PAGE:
Scrapbooks compiled by Leslie Leland Locke, chiefly containing notes and ephemera on the history of calculating machines and typewriters, information on inventors, and notes for Locke's own collection of calculating machines. Some of the inventors, correspondents, inventions, companies, and agencies referenced include: Charles Babbage; Frank Stephen Baldwin (Baldwin's calculating machine); Edwin A. Bayley; Ernst Benecke (Brunsviga-Maschenienwerke Grimme, Natalis & Co. A.G., Braunsweig); Burroughs Adding Machine Co.; Vannevar Bush; C.E. Locke Mfg. Co. (the Locke Adder); Grover C. Chase; Colburn Gear & Mfg. Co. (George L. Colburn); Thomas A. Edison (Ediphone); Facit calculating machines; Felt & Tarrant Mfg. Co.; the Graf Zeppelin (for the calculating machines used on its flights); George B. Grant; R. Haase (Brunsviga-Maschenienwerke Grimme, Natalis & Co. A.G., Braunsweig); A.V. Kryha; George F. Kunz; Derrick N. Lehmer; the MADAS calculator; Marchant Calculating Machine Co.; the "Millionaire" (O. Steiger); Monroe Calculating Machine Co.; the Museums of the Peaceful Arts; Picht braille typewriters for the blind; George Sarton; Thaleswerk; Franz Trinks; Triumphator Works; the United States Patent Office; and the United States National Museum (Smithsonian Institution; including curators C.W. Mitman and Frank A. Taylor of the Division of Engineering, and J.E. Graf, U.S.N.M. associate director). Excerpted material is taken from various publications, such as the International office equipment magazine; the International export review; the American mathematical monthly; the Mathematics teacher; the New York Times; the New York world; the New York Sun; the Herald examiner; Colliers; the Chicago Tribune; and Science.
Scrapbook compiled by George Barnard Grant (inventor of Grant's calculating machine), a businessman based in Lexington and Boston, Massachusetts, containing printed ephemera, machine manuals, handwritten and typescript notes and correspondence, photographs, patent applications, and other papers relating to calculating machines, inventors, the 1876 Centennial Exhibition in Philadelphia, and Grant's patent dispute with Léon Bollée in the 1880s. Some of the other inventions and companies referenced in the scrapbook include: Baldwin's calculating machine; Reliance Machine Works (B.F. Quimby); Baldwin's arithmometer; Teasdale's calculating machine; American Type Machine Co. (Westcott type casting and setting machine); Babbage's difference engine; Warren on the Thomas De Colmar calculating machine; Warren Bros. calculating engine; Tendollaradder (Grant Calculating Machine Co.); tabulating machine of G. & E. Schuetz; the Pidgin Electric Calculating Machine Co.; Webb's adding machine; Sir William Thomson's harmonic analyzer; L. Bollée's calculating machine; Grant's ciphering hand-organ; and Hattersley composing and distributing machines.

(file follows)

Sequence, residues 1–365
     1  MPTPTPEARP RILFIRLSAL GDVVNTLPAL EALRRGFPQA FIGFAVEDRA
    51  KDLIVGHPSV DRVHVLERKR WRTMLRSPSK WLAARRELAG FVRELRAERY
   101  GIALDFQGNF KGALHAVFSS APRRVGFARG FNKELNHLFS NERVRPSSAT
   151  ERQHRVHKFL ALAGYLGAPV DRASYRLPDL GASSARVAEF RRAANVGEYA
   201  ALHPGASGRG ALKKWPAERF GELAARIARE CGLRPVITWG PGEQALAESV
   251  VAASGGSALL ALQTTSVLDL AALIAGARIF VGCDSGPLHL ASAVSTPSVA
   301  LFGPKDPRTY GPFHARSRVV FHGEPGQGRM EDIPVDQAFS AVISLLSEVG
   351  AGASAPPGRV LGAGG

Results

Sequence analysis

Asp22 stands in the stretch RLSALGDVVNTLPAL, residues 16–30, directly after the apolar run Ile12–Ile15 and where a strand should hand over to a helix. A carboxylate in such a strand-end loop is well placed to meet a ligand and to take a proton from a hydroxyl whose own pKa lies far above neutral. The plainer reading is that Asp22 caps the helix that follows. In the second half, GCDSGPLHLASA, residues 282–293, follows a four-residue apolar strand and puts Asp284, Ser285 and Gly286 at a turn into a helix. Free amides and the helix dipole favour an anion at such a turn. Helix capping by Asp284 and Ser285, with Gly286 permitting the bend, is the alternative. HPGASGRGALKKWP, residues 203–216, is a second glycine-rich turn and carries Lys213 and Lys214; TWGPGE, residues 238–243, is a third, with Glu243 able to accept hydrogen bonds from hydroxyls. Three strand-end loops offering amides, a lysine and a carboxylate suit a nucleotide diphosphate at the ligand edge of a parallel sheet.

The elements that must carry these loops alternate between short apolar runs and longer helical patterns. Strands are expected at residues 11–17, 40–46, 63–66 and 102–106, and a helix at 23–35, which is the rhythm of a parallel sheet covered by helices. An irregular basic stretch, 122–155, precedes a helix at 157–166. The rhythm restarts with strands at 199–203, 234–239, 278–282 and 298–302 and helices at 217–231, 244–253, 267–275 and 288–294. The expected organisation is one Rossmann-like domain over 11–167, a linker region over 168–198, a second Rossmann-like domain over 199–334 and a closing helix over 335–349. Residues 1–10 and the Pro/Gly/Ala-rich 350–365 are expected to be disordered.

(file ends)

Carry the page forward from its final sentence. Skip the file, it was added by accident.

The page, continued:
Album with seventeen specimens of flowering plants that were collected, dried, and arranged by Ralph L. Dixon and his wife, Hetty G. Dixon. The album contains specimens of 17 plants that were gathered by the Dixons, mostly in the vicinity of Washington D.C. (Georgetown, Great Falls, and the C. & O. Canal towpath) in 1924. Two of the final group of specimens were gathered in Montana and the Rocky Mountains in 1960.
Scrapbook consisting mainly of miscellaneous newsclippings from the New York Tribune and other sources dating from 1932 and 1937, apparently compiled by David C. Locke, a public school administrator in Monaca, Beaver Co., Pennsylvania. Many of the articles have a general focus on education (particularly with a technical, scientific, or mathematical theme, such as the ideas of Albert Einstein); also represented are news stories on Pennsylvania history; medical trivia; inventions; eugenics; highway design; calendar reform; the metric system; government service (federal and local); alcohol and post-Prohibition American culture; brain teasers and puzzles; poetry; prayers; and comics. There are also some handwritten genealogical details about the Locke family.
Scrapbook containing images (mostly color lithographs) excised from contemporary greeting cards, periodicals, trade cards, advertisements, and other kinds of ephemera. Images are mounted on both sides of the leaves.
Notebook kept by Peter Spicer for recording arithmetical concepts and exercises as a young student, with an emphasis on business and bookkeeping-related skills. Some of the topics covered include: Federal money; simple interest; brokerage; insurance; compound interest; annuities; loss and gain; conjoined proportion; vulgar fractions; decimal fractions; arithmetical progression; and geometrical progression; among others.
Photograph album, containing amateur snapshots taken at the Exposition coloniale internationale de Paris (1931), together with some photographs of the demolition of the fairground buildings in late 1932.
Collection of William Temple Hornaday's notes and correspondence, chiefly relating to his travels, his publications, and his collecting of wild animals. Includes lists of Hornaday's expenses and animals collected on an expedition to Borneo in 1878 for Henry A. Ward, with addendum dated 1933; correspondence from Albert N. Theobald, Charles Theobald, and Wm. Theobald of the Theobald Brothers firm of taxidermists in Mysore, south India (1906-1919); letters from Norman W. Mumford of Boston, Mass. (1920), G.W. Beardsley of the Evening Herald Co., Binghamton, N.Y. (1909), and Mortimer Osborne Bigelow, Capt. 8th U.S. Cavalry, Fort Huachuca, Arizona (1909), and a letter from Hornaday and his wife Josephine to Wm. Sarre[?] (1934).